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From: George A. Heintzelman (georgeh_at_[hidden])
Date: 2002-10-29 10:25:04

I went back and did a little more homework and found a few things out
which I think may have some implications for how we ought to organize
boost namespaces. My conclusion is that we probably ought to move boost
classes which are intended to be derived from by the user into
sub-namespaces which are brought into boost proper with using
declarations. This will inhibit Koenig lookup on the whole of boost for
user classes derived from these classes.

More detail on my thinking follows:

> From: "George A. Heintzelman" <georgeh_at_[hidden]>
> > namespace MyNS {
> > class Iterator: public boost::bidirectional_iterator_helper<...> {
> > };
> >
> > // I need some utility functions on the iterators:
> > int type(Iterator it);
> > };
> >
> > int main() {
> > Iterator it;
> > type(it);
> > }

> > `template<class T> class boost::type' is not a function, conflict with
> `int MyNS::type(MyNS::Iterator)' in call to `type'

> > Is there anything I (or boost) can do?<
> Yes, you can rename type() to something less collision prone. Functions that
> are intended to be used via argument dependent lookup must have distinctive
> names. "iterator_type" would be better, but probably not enough; use
> something more descriptive.

I don't like this answer. I understood that the idea of Koenig lookup
was to allow me to use those kinds of short names without having to say
myprefix_shortname(iterator) every time. In my case in particular, I am
replacing pointers with a new iterator type where we had functions
type(Record *) now getting replaced by type(Iterator), and type() isn't
the only name involved (I'd have to rename all the others for
consistency), so it's not a feasible solution for me.

So I went back to the standard and noticed that arg-dependent lookup
does *not* follow unnamed namespaces or using declarations in order to
look things up. So as a bit of a hack I tried changing boost/type.hpp
as so:

namespace boost {
  // Just a simple "type envelope". Useful in various contexts, mostly
to work
  // around some MSVC deficiencies.
  namespace type_detail {
    template <class T>
    struct type {};
  using namespace type_detail;

This doesn't cause anything in boost not to find boost::type when it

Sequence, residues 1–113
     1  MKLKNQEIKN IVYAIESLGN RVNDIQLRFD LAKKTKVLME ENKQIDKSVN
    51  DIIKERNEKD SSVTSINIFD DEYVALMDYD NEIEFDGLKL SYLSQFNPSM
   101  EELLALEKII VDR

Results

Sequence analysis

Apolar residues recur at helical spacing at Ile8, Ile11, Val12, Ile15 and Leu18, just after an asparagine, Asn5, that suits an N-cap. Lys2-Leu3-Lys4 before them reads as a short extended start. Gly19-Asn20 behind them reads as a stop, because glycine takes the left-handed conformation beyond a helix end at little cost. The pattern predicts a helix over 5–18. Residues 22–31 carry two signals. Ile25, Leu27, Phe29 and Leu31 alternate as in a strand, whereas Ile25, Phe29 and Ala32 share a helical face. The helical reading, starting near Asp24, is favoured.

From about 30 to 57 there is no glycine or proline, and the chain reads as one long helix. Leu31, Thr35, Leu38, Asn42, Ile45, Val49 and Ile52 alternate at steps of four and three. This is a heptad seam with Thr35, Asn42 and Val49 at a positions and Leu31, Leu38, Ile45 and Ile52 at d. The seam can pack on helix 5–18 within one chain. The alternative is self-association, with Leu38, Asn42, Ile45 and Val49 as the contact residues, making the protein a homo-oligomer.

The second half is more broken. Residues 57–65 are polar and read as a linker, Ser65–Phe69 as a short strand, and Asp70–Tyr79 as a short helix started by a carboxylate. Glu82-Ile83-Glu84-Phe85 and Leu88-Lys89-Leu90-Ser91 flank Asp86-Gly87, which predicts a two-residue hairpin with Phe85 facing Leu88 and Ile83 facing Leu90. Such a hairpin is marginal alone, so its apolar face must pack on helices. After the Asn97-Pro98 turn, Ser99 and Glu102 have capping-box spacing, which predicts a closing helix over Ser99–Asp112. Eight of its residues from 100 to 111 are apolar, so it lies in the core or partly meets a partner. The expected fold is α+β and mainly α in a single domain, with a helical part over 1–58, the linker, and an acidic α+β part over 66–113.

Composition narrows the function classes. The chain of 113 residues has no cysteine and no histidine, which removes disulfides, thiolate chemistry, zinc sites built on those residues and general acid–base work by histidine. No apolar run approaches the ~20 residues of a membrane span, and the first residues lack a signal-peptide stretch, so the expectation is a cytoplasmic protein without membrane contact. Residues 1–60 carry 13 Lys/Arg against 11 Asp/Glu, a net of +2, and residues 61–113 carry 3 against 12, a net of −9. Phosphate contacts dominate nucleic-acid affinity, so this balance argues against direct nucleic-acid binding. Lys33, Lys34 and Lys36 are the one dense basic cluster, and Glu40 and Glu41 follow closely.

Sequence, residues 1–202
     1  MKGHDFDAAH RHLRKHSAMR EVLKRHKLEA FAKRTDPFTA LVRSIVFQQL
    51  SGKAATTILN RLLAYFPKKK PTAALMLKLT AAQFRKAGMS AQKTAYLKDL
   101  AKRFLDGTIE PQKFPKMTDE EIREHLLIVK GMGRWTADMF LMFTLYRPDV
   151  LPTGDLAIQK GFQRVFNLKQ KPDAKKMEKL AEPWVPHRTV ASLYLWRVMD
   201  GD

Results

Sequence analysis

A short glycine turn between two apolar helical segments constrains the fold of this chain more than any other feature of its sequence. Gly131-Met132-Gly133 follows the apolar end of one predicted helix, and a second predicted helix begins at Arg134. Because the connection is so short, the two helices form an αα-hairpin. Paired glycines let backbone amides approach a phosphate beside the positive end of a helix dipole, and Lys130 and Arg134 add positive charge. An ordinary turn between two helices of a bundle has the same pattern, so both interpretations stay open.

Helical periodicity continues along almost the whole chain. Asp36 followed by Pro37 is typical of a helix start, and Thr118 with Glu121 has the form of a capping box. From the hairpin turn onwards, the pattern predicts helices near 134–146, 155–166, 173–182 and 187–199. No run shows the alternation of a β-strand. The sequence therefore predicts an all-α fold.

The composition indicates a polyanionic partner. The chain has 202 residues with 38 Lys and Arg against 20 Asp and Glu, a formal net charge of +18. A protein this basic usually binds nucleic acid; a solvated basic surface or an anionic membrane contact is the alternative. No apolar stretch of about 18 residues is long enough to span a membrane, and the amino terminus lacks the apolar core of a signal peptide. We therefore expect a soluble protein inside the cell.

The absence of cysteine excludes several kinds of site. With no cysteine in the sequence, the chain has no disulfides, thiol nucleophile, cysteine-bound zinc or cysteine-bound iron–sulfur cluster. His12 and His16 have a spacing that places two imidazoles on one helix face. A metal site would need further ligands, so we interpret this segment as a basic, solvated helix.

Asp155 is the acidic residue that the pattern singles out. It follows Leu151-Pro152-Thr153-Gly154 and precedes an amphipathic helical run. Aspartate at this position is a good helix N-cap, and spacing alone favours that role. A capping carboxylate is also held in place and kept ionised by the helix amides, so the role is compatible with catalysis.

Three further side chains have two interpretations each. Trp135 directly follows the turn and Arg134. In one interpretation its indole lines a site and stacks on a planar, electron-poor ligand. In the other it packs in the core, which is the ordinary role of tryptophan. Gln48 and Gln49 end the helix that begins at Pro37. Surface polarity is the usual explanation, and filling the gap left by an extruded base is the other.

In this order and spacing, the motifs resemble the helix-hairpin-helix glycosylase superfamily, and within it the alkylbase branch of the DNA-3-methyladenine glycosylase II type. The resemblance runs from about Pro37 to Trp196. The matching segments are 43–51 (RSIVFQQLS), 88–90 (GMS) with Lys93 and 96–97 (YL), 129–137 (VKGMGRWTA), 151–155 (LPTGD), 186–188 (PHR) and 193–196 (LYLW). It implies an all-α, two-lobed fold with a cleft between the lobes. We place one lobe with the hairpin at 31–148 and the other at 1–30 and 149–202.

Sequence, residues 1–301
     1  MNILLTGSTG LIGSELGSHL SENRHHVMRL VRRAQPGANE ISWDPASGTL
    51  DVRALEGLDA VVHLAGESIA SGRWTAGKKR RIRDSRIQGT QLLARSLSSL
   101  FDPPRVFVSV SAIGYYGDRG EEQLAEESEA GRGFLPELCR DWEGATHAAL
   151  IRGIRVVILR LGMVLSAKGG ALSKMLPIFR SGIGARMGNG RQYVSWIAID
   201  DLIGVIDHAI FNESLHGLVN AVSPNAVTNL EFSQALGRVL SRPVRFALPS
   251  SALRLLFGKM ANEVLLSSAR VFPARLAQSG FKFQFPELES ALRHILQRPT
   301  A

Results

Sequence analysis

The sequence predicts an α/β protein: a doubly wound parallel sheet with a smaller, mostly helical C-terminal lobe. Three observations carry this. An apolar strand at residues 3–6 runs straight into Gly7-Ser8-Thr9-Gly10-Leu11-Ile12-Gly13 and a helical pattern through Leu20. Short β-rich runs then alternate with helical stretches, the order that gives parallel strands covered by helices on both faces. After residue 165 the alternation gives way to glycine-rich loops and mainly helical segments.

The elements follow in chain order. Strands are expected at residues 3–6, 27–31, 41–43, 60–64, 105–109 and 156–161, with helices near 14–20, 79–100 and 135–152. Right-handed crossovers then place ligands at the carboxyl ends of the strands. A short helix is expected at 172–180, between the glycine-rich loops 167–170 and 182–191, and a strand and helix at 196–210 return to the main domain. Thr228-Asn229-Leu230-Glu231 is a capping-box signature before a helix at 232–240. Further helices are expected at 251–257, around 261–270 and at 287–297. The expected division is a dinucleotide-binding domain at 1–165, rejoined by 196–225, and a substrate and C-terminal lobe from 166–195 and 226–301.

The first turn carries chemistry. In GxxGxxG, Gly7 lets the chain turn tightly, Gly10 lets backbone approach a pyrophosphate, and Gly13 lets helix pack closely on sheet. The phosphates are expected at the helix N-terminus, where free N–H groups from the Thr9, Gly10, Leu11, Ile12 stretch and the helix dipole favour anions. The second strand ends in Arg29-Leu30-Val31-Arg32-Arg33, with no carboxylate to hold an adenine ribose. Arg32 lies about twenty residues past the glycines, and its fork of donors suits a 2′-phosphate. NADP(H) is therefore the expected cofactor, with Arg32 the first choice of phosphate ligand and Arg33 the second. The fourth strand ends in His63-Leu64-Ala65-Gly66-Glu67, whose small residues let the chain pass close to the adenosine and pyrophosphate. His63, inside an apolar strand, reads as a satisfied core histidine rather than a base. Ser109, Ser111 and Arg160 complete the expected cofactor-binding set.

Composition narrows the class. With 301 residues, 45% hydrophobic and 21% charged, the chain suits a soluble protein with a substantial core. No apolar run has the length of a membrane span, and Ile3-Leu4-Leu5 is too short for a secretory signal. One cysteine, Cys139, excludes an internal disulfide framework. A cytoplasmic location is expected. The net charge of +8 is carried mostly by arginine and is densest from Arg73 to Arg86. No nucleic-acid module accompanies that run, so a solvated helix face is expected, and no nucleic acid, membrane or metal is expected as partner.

needs it (as far as I can tell, anyway), but it does inhibit Koenig
lookup from conflicting on it.

I didn't use the unnamed namespace, because that would lead to
different instantiations of boost::type in different translation units,
something I thought people might not want; however it also allowed my
code to compile. I didn't use boost::detail, because that would bring
in all the other names in boost::detail. Using 'using
type_detail::type;' also didn't work with g++ 3.2, though it worked
with Intel's compiler v7 beta. I'm not sure which one is right, though
I suspect Intel is (I'll be submitting a bug report to the gcc people
if I convince myself of that).

However, I didn't like the idea of having to dig through boost to
figure out which names ought to be protected from Koenig lookup.
Instead, we ought to prevent Koenig lookup from searching boost for the
user classes derived from boost classes, but we may want other
interfaces specific to those classes. For that, another option which
seems to be feasible would be to put class templates which are intended
to be derived from (such as bidirectional_iterator_helper) in their own
sub-namespaces, which are then brought back into boost visibility with
using declarations. In a test, for example, this seems to work, where
it fails without the foo::sub namespace:

namespace foo {
  namespace sub {
    template <class T>
    class bar {
  using namespace sub;
  class base {
    int b;

namespace baz {
  struct X: public foo::base {
    int x;
  void bar(X x);

int main() {
  baz::X myx;

Am I way off base? I think this is something that boost could do to
make interfaces based around argument-dependent lookup more feasible.

George Heintzelman

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